Donald Trump is continuing to violate the gag order(s) placed on him by threatening and trying to intimidate the judges, prosecutors, district attorney, prospective jurors and other people involved in his trials. If he was a regular private citizen, he would likely be in prison by now. But could Trump’s behavior actually be part of a bigger strategy, where he actually wants to go to prison? Trump is very devious and was a student of master dirty trickster Roy Cohn. We can’t overlook that.

    I think that Donald Trump is probably trying to get himself thrown into prison or in a soundproof plexiglass box in the courtroom. This would enhance the narrative of martyrdom he is promoting, which resonates with his base. Neither Trump nor most of his die-hard base want to confront the stark reality that the problems they face are largely of their own making, and the result of a series of terrible choices made along with way. In fact, he had an exchange during the civil trial in New York before Judge Engoron where he was basically daring the judge to put him in jail. The judge said, basically, “I know you want me to hold you in contempt and put you in jail, and at some point, I'm going to have to do that, but not now.” In the current hush money criminal trial, there is a gag order. Ultimately, if Trump keeps violating it, there will be severe consequences, financial if not otherwise. But it's difficult because you can't really try somebody on criminal charges in absentia from jail. The optics do not look particularly good for the country if we have a Nurnberg-type trial with a glass or plexiglass cage for Donald Trump. It would look too much like one of those political show trials for opposition leaders in the former Soviet Union that led to pre-ordained executions.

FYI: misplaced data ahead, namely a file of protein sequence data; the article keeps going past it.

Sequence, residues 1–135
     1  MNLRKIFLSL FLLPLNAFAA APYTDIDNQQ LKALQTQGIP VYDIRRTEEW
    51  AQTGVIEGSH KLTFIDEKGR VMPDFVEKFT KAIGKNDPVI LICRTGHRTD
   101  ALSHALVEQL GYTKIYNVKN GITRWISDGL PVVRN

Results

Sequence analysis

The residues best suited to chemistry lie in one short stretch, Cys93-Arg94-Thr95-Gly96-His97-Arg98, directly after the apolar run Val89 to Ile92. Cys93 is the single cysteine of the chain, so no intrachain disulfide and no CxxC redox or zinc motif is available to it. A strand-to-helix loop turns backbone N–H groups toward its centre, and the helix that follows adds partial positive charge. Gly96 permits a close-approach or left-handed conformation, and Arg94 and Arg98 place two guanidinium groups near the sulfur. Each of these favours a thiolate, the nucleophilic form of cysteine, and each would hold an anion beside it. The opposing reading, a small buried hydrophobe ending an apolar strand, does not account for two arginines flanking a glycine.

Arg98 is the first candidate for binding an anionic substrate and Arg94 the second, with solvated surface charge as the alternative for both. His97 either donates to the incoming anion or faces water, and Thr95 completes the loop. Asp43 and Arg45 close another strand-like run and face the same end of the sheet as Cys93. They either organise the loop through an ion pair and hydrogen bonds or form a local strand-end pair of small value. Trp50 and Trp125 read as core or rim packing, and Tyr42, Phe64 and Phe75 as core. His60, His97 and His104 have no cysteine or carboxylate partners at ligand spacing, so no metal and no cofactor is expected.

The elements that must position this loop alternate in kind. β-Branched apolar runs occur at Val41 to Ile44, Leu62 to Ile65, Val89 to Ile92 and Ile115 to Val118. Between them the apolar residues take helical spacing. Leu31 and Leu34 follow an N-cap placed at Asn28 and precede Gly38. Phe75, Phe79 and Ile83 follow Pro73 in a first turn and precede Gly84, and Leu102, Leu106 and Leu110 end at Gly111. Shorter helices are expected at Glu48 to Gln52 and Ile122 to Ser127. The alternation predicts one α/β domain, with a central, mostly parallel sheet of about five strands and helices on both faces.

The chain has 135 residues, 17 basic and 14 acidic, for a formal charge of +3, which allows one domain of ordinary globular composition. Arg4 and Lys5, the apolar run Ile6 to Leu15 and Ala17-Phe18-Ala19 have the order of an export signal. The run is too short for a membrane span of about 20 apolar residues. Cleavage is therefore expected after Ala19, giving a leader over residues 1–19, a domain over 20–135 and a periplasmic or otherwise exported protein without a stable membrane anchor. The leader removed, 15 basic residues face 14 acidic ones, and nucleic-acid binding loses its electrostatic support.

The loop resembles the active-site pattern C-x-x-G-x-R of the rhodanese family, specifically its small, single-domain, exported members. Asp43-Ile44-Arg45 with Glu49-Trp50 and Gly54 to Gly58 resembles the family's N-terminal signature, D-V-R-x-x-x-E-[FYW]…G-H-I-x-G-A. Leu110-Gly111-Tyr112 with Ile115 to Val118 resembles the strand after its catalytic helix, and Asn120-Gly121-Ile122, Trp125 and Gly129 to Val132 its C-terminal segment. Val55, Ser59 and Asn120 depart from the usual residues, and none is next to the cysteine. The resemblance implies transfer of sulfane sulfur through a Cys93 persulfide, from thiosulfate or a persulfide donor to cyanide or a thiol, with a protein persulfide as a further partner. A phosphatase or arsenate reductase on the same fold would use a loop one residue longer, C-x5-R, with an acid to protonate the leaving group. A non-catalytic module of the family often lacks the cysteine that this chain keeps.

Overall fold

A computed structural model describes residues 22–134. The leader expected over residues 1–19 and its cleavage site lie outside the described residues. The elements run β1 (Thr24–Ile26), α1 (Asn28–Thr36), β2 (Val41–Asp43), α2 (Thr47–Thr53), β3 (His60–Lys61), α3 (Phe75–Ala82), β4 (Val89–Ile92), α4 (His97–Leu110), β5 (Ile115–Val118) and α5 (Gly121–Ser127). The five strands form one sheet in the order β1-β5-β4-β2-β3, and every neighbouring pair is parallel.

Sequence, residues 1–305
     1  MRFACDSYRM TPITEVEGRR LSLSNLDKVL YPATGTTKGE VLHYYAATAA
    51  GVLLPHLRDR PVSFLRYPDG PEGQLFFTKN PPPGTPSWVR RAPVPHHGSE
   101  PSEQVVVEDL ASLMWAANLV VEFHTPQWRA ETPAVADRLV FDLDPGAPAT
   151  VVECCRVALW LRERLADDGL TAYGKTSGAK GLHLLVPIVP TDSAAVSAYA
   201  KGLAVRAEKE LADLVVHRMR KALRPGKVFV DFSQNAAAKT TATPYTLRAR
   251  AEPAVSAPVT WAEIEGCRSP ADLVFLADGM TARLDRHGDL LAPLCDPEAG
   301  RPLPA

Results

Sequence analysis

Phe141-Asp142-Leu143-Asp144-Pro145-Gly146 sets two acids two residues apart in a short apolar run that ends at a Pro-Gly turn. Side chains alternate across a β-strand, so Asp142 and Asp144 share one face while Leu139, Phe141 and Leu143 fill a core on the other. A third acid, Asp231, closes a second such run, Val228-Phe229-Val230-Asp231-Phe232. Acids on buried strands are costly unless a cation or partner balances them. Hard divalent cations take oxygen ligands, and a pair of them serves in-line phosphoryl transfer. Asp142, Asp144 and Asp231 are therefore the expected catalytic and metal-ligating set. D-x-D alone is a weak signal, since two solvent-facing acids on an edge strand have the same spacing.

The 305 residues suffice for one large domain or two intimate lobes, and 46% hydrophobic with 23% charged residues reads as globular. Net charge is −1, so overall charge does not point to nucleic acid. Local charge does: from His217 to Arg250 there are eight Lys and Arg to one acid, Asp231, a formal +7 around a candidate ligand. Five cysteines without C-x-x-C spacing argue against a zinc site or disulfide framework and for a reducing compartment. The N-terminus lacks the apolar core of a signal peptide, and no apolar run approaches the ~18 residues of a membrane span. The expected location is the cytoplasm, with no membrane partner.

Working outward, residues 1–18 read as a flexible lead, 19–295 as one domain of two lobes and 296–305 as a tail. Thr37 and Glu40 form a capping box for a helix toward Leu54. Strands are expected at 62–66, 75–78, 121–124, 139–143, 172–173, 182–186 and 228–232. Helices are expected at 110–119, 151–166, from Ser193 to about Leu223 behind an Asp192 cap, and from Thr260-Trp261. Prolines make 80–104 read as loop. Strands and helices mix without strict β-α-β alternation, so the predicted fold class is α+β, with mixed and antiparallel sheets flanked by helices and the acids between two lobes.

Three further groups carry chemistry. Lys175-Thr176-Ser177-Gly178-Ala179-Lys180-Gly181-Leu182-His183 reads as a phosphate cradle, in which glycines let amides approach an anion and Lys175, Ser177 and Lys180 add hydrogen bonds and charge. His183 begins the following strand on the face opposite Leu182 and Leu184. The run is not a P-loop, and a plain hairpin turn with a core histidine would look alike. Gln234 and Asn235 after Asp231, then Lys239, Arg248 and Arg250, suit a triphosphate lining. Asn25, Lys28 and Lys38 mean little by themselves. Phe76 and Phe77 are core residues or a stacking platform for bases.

It's starting to dawn on Trump that this is all not going to end well for him. Trump may well just break out into a carefully calculated “unhinged” rant before the case goes to the jury. It reminds me of a basketball coach who gets himself thrown out of the game to inspire the players. If Trump was put in prison for contempt that would make his followers even more enthusiastic and loyal. It's a real tough call for a judge to make because you really need the defendant in the courtroom.